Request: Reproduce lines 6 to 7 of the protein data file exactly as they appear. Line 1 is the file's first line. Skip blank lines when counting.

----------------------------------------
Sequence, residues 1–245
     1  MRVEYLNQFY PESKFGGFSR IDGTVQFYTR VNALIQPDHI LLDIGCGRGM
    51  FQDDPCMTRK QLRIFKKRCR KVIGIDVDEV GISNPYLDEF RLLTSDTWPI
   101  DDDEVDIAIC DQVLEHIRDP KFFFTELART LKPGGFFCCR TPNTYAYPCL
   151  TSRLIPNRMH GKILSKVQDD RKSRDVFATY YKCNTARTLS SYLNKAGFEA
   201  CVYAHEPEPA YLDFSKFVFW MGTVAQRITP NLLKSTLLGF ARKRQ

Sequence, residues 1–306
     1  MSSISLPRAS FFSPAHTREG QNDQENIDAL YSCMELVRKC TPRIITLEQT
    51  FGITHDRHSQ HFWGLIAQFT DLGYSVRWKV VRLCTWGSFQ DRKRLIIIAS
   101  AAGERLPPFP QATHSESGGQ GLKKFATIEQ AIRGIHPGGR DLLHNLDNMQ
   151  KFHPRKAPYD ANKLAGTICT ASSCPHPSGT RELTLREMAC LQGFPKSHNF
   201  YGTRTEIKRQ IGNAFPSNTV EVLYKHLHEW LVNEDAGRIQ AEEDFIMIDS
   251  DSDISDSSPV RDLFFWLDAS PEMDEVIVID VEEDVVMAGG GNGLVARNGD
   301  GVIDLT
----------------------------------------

   201  CVYAHEPEPA YLDFSKFVFW MGTVAQRITP NLLKSTLLGF ARKRQ

Sequence, residues 1–306